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Sunday, December 21, 1997 Published at 21:02 GMT


Diana's lawyers could sue Al Fayed
image: [ Diana's family may demand at least £8m in compensation for her death ]
Diana's family may demand at least £8m in compensation for her death

Lawyers acting for the estate of Diana, the late Princess of Wales, have taken steps towards a possible compensation claim for millions of pounds.

They have registered a civil interest in the criminal investigation into her death which could lead to a claim against the business empire of Mohammed Al Fayed.

Reports say that if French investigators rule that Mr Al Fayed, as the employer of the driver of the car in which the princess was killed, is responsible for her death, the estate would have grounds to sue.

[ image: Al Fayed: employed Henri Paul as a driver]
Al Fayed: employed Henri Paul as a driver
A spokesman for the princess's estate said no civil action would be initiated until the criminal investigation into the crash had been completed.

Tests after the crash on August 31 revealed that Henri Paul was three times over the French drink-drive limit when the Mercedes limousine he was driving crashed in an underpass tunnel at about 100mph (160kph).

Royal sources have said that the minimum claim against the Harrods' boss would be £8m which amounts to the inheritance tax incurred after Diana's death, according to a report in The Sunday Times.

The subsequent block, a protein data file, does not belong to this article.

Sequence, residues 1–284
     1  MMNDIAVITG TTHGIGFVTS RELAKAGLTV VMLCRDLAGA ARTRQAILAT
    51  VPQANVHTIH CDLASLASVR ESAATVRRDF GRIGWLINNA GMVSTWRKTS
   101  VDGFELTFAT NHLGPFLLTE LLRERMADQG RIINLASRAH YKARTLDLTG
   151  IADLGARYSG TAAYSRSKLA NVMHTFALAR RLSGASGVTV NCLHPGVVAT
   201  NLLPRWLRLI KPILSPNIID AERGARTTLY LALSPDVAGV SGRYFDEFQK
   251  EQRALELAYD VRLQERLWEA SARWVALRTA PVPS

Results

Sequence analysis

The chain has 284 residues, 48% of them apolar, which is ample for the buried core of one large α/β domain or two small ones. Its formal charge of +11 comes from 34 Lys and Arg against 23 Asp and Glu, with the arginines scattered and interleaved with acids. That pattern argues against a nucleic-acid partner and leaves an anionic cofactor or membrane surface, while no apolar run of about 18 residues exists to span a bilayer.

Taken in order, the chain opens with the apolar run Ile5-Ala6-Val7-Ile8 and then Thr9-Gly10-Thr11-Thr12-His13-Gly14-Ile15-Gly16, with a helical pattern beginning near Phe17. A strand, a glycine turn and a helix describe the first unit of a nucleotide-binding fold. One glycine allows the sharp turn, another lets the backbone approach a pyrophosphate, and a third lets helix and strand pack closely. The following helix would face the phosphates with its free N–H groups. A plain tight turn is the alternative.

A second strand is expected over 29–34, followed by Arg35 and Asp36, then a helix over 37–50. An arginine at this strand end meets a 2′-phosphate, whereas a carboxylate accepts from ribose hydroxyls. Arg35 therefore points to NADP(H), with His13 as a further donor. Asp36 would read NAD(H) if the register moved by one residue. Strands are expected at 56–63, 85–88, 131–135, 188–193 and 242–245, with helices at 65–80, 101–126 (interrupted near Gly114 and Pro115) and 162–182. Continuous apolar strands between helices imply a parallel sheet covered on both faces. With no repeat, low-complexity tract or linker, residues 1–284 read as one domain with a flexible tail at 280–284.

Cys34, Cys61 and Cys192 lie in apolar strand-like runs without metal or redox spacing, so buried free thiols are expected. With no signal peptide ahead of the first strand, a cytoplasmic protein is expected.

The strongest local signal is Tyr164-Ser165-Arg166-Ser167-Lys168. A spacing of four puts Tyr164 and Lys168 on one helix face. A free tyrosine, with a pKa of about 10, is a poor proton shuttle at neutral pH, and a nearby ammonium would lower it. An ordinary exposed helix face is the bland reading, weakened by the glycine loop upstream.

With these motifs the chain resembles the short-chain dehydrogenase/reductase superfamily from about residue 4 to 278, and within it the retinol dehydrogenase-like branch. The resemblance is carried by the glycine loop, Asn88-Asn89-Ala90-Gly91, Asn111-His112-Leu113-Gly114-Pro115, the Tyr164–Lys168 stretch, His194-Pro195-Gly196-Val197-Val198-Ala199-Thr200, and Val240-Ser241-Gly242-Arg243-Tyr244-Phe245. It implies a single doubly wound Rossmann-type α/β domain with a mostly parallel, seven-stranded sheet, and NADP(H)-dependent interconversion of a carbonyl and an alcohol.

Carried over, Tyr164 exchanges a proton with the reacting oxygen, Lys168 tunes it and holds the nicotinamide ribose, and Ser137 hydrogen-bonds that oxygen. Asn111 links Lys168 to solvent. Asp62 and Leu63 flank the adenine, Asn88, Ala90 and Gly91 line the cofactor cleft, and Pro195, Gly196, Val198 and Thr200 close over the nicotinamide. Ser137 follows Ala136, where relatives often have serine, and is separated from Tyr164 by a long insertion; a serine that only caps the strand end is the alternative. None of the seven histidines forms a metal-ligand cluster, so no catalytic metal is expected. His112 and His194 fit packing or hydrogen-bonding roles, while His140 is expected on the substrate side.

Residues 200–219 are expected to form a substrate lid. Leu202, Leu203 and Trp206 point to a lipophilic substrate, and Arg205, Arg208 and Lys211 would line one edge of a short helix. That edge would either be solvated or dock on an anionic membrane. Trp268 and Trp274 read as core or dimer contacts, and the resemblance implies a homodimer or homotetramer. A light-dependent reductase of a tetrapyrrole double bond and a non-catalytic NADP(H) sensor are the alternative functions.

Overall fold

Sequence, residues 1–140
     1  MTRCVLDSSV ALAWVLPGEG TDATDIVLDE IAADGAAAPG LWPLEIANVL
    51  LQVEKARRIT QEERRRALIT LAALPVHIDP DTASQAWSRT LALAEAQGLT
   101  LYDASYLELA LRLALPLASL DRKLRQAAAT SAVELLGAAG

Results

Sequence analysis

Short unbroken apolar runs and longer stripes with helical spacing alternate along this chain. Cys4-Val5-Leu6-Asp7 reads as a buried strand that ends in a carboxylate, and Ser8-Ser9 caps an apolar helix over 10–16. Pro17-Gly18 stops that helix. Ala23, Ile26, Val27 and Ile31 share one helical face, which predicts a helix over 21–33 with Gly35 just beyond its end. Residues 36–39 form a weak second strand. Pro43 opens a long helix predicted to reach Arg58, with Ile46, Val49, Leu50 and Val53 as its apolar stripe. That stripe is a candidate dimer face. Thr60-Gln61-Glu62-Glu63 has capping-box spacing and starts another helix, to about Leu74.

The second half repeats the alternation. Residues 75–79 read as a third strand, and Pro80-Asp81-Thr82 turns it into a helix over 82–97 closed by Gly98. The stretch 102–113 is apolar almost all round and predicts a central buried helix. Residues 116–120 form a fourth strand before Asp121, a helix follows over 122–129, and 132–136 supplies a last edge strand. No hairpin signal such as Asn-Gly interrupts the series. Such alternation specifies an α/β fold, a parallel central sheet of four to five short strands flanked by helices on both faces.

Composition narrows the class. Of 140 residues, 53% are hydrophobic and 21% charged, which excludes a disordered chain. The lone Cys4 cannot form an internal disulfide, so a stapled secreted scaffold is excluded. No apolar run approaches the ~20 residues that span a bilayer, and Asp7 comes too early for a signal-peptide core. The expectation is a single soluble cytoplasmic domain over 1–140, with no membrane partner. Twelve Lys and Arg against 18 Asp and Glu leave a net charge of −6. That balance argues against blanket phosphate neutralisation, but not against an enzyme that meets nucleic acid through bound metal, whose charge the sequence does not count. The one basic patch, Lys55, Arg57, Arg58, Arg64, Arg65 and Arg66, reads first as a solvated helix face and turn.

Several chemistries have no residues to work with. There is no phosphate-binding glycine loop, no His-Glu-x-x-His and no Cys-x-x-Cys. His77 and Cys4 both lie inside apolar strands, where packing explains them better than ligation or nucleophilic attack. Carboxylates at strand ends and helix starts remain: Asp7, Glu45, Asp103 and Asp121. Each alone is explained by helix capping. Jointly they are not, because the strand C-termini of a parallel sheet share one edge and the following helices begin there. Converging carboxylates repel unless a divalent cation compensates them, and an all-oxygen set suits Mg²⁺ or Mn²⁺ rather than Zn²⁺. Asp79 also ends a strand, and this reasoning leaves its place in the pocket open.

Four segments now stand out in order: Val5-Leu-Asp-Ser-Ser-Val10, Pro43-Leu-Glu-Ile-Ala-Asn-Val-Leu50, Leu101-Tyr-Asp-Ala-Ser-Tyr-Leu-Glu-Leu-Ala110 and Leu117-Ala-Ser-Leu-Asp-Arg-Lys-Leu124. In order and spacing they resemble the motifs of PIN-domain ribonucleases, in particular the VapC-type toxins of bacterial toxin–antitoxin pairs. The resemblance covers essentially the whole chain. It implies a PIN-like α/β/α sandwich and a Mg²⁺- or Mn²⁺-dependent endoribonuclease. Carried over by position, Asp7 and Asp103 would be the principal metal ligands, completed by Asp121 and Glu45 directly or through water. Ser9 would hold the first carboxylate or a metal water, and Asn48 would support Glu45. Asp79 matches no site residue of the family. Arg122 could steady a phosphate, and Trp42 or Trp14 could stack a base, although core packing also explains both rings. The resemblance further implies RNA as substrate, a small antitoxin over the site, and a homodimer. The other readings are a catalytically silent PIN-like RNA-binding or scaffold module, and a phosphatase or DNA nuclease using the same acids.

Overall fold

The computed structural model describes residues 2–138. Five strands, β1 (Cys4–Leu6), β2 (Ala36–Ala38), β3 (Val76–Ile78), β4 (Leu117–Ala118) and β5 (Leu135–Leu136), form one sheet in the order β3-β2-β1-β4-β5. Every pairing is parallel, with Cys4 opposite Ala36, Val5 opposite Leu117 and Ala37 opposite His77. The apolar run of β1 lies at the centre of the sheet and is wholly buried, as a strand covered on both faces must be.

[ image: Henri Paul: tests showed he was drunk]
Henri Paul: tests showed he was drunk
The princess's former head of staff, Michael Gibbins, has confirmed that the estate was registered as an "interested party" in the ongoing criminal investigation in Paris.

He said: "The situation is that the executors for the estate have registered the estate as a party interested in the criminal investigation in France. Under French law that has to be done in order to allow the estate to gain access to the papers and that is what has been done."

He added: "No consideration has been given to the question of any civilian action, nor would that consideration be given until the criminal investigation has been completed."

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